Did any Pennsylvania judges receive ‘porngate’ emails? Chief justice wants to know


By: Debra Cassens Weiss

Pennsylvania’s chief justice wants to know if any judges were among the state officials who exchanged sexually explicit emails on state computers uncovered in an inquiry dubbed “porngate.”

Supreme Court Chief Justice Ronald Castille said any judges who exchanged “grossly pornographic” emails could be violating ethics rules, report the Morning Call, the Associated Press, the Pittsburgh Tribune and the Philadelphia Inquirer in stories here and here. Castille asked for the information after sources told the Inquirer that top judges were among those getting the emails. Read the rest of this entry »

Uproar over Forest Service plan to require media to get permits to take wilderness photos


By: Martha Neil

A furor has ignited over a U.S. Forest Service plan to require members of the media, as well as commercial photographers, to pay up to $1,500 for a permit before taking video or still shots in some 36 million designated federal wilderness acres.

Amidst criticism from both Democratic and Republican lawmakers, as well as advocates for both the media and the wilderness areas the photo restrictions are supposed to protect, the agency has extended the period for public comment on its proposed regulations under the Wilderness Act of 1964 until early December, the Oregonian reports. An earlier Oregonian article provides more details.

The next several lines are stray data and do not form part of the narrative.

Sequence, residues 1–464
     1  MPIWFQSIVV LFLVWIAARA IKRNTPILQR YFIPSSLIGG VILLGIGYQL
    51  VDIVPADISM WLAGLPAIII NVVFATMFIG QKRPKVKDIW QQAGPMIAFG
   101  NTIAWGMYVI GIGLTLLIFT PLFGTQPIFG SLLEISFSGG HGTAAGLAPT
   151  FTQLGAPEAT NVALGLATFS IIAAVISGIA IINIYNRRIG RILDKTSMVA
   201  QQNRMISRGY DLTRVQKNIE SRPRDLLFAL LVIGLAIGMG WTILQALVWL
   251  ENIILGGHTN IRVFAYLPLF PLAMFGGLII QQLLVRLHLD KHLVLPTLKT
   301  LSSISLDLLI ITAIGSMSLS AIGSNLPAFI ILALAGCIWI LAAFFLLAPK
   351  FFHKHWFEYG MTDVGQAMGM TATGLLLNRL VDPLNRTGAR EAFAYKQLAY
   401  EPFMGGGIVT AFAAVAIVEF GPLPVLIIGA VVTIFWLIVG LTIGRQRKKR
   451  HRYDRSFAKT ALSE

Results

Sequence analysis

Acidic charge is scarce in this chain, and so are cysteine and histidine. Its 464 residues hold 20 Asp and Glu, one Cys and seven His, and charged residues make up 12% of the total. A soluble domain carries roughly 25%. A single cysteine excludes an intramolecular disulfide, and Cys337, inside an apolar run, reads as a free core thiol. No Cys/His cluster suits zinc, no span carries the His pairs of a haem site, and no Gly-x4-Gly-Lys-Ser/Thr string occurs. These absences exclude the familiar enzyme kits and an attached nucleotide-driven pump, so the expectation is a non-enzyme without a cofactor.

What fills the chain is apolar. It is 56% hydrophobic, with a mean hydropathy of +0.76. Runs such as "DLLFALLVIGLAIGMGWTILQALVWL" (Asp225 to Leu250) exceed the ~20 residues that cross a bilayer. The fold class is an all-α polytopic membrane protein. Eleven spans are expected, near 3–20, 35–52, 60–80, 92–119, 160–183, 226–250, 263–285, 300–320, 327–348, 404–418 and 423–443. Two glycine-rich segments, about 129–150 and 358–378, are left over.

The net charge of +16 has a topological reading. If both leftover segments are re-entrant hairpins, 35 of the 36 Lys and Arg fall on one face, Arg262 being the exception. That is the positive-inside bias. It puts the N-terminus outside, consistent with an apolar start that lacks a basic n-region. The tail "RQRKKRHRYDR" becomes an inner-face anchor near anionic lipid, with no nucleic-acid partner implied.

“I am very concerned about the implications this has for Americans’ First Amendment freedoms of speech and the press,” said U.S. Rep. Greg Walden, a Republican from Oregon, in a Thursday letter to the head of the Forest Service. “It is also very troubling that journalists could be held to different standards at the discretion of the issuing officer.” Read the rest of this entry »

Pennsylvania police chief’s daughter among suspects charged in Philly gay-bashing


By: David Ferguson

One of the suspects charged in the vicious beating of two gay men on a street in Philadelphia is a police chief’s daughter whose Twitter feed is littered with antigay slurs, tweets about binge drinking and blackouts and about how awful it is when your parents write you a check instead of just giving you cash.

The Associated Press reported on Wednesday morning that two of the three suspects wanted in the case surrendered to police after they were identified by social media users who matched their Facebook photos with security footage taken on the night of the attack. Read the rest of this entry »

Justice Kagan performs same-sex wedding, following in the footsteps of Ginsburg and O’Connor


By: Debra Cassens Weiss

U.S. Supreme Court Justice Elena Kagan performed her first same-sex wedding Sunday when she officiated at the Maryland wedding of one of her former law clerks.